Phillis Gershator







About me



Wise and not jacket

and Not So Wise

Ten Tales from the Rabbis

selected and retold by Phillis Gershator

designed and illustrated by Alexa Ginsburg

Jewish Publication Society, 2004

*Jewish Book Month Selection, 2004
*National Jewish Book Award Runner-up for Jewish Family Literature, 2005

*Paperback edition, 2009
* Association of Jewish Libraries "Love Your Neighbor" book list, 2018

From the book jacket:
Fanciful stories of wonder and magic fill the pages of Phillis Gershator’s charming collection of tales derived from talmudic and midrashic folklore.
     Inspired by stories recounted by her late father-in-law, a rabbi, Gershator assembles in this volume 10 of her favorites--the ones that made her laugh or touched her with their messages and miracles. Taking spiritual and folkloric elements from the ancient teachings of the sages, she blends in her own humor, magic, and wisdom to put a unique spin on tales that have endured for generations.
     In talmudic fashion, the stories teach moral lessons and truths while sprinkling jokes, surprises, and happy endings throughout. Tales of flying rabbis, miraculous loaves of bread, wise women, muscle-bound angels, and goats that carry bears on their heads will delight children of all ages.
     Alexa Ginsburg’s lighthearted illustrations capture the enchantment of these timeless legends.

A little about the book:

     My late father-in-law introduced me to talmudic tales, one of which I retold in Honi’s Circle of Trees, also published by JPS. I found myself adapting others, and Bruce Black, formerly the Children’s Editor at JPS, suggested I collect them into a book. So I dedicated it to him, and to Janet Greenstein Potter, the incredible editor who reviewed every word and every idea with me and even compiled a glossary for the book, and to David Gershator, my Reader, Advisor, and Constant Collaborator.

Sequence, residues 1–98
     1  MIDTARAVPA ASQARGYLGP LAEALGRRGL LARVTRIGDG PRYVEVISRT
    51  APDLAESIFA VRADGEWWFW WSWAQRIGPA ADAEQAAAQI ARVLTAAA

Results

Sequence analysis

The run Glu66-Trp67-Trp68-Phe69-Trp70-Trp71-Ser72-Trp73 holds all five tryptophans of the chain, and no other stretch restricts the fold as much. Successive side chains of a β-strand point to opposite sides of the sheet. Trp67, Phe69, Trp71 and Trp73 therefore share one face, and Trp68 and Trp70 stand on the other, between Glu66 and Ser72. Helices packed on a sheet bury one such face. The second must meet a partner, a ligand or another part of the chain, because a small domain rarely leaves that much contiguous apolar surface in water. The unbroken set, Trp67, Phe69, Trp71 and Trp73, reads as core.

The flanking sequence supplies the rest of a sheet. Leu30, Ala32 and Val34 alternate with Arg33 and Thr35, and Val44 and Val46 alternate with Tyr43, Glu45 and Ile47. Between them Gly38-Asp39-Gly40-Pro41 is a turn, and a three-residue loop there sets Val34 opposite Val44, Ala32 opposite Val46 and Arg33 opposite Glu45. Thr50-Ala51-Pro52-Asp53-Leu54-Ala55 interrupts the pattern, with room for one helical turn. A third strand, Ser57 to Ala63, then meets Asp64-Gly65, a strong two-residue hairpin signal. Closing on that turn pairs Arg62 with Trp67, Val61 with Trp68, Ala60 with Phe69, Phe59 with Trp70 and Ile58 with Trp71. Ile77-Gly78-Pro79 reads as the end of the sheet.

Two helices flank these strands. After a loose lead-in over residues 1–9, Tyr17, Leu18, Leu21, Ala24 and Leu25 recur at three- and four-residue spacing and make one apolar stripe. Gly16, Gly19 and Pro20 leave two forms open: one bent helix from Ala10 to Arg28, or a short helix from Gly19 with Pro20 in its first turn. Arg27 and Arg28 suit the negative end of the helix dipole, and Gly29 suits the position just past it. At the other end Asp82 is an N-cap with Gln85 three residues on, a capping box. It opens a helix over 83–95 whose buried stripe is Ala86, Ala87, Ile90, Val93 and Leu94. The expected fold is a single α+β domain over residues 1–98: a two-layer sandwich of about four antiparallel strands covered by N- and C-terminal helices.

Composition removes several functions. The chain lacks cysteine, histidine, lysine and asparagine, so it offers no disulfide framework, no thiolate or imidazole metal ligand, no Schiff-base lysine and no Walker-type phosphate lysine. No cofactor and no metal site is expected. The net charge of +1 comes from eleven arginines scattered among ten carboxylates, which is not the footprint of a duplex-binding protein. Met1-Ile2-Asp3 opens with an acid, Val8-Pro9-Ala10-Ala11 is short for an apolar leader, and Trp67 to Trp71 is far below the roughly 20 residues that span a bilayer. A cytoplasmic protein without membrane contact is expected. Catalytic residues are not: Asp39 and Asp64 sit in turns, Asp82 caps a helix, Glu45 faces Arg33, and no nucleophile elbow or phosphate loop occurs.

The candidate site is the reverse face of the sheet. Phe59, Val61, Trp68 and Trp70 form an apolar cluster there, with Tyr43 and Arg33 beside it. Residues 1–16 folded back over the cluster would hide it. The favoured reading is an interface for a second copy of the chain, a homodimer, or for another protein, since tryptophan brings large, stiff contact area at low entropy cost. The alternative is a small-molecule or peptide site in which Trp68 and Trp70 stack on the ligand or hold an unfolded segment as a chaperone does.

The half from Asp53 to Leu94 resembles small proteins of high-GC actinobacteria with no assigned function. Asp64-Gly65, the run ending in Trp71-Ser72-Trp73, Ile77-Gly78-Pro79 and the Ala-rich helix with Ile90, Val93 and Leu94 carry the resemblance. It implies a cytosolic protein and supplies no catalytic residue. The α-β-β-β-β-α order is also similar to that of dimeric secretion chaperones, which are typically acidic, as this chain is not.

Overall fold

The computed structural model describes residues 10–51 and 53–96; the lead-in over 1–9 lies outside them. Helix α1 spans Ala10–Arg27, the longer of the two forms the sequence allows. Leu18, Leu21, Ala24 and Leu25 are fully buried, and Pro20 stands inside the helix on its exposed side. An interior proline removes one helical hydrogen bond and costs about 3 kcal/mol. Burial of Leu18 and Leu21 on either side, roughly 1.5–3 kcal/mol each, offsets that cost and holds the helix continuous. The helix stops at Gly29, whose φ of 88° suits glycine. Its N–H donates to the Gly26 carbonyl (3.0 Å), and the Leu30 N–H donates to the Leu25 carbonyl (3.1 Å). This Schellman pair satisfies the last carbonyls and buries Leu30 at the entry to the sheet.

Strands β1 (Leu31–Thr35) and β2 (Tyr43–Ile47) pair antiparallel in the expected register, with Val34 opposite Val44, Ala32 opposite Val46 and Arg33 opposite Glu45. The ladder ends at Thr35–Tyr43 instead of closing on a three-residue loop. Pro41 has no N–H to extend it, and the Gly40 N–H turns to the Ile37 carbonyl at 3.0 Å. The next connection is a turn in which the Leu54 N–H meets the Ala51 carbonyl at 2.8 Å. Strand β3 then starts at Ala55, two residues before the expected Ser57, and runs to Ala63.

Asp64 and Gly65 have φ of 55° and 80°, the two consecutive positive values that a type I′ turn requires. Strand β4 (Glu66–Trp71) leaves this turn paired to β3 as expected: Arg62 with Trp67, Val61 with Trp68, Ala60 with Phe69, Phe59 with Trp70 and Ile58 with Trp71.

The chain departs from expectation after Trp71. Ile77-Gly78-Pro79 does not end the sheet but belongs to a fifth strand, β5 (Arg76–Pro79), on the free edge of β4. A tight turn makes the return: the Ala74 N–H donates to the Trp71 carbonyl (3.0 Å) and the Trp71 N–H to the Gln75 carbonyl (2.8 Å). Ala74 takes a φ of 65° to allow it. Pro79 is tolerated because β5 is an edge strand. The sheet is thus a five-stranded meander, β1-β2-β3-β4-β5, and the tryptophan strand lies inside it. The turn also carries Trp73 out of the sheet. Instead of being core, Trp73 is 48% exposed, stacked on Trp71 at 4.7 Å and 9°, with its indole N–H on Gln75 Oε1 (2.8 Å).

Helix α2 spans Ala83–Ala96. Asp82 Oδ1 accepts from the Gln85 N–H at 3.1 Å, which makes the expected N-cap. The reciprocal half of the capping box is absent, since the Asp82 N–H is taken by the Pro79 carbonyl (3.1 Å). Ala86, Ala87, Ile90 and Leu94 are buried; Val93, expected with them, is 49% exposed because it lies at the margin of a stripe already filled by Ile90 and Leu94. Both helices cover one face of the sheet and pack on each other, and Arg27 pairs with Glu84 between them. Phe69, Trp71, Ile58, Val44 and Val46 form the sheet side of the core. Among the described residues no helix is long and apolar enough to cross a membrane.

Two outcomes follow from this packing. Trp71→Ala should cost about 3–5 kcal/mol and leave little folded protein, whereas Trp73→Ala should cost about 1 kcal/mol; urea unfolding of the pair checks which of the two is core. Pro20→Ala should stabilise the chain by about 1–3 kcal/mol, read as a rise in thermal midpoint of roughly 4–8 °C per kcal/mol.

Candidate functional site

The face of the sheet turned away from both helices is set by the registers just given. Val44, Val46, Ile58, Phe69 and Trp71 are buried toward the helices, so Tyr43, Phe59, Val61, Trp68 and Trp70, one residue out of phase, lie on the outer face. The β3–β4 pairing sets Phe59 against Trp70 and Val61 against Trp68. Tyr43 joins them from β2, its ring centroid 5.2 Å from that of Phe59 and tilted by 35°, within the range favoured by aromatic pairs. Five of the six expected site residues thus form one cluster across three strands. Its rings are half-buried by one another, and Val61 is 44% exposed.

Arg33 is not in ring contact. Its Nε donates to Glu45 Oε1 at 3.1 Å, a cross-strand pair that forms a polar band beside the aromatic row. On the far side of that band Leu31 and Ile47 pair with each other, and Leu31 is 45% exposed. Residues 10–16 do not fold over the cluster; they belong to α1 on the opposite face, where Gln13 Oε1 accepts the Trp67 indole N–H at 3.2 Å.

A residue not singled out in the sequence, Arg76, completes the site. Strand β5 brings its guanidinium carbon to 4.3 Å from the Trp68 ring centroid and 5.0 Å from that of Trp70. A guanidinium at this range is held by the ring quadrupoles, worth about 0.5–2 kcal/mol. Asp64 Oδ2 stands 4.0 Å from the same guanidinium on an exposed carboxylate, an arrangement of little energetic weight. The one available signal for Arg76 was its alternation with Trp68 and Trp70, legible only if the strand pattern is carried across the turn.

When I saw the book’s design, I loved the concept. Alexa’s pages have the look of a contemporary scroll, with the exception of one story, “Goats for Chickens.” That one looks more like an illuminated manuscript, decorated, appropriately enough, with flying chickens and a few loose feathers!

From the reviews:

“Gershator retells 10 stories plucked from the Jewish Talmud and Mishnah, which, in traditional fashion, open the way for discussion of behavior, miracles, and morality. Dialogue enlivens the often comical stories, and the format is designed for easy access, with stylized, monochomatic art wrapped around well-spaced text. Some [tales] are fairly straightforward. Many, however, are more veiled in meaning. Notes and questions about the stories that conclude each telling will steer kids in the right direction....” Booklist

“An appealing collection of tales...written in simple yet efffective language that preserves their richness and charm without becoming didactic....Each selection ends with a commentary designed to engage readers in the great talmudic tradition of asking and answering questions....The pleasingly flat grayscale illustrations featuring simple graphic themes have a gentle quality that complements and frames the text.” School Library Journal

“Many of Gershator’s questions are weighty and require reflection: At the end of ‘Hanina’s  Stone,’ for example, Gershator poses the question, ‘Is it foolish to dream and then work to make the dream come true, however impractical that dream may be?’ Following another story, the author asks, ‘No matter how wise someone may be, can any one person know what’s right for everyone else?’” The Forward

“This delightful collection of stories adapted from the Talmud and Midrash blends wisdom with humor....every one of these stories begs to be read aloud....the illustrations and inviting format join with the stories to comprise one outstanding package!” Jewish Book World

"These folktales use the teachings of ancient rabbinic sages to answer questions and teach moral lessons, using humor, wonder, and magic."
 AJL “People of the Books” Blog: https://jewishlibraries.org/blog/id/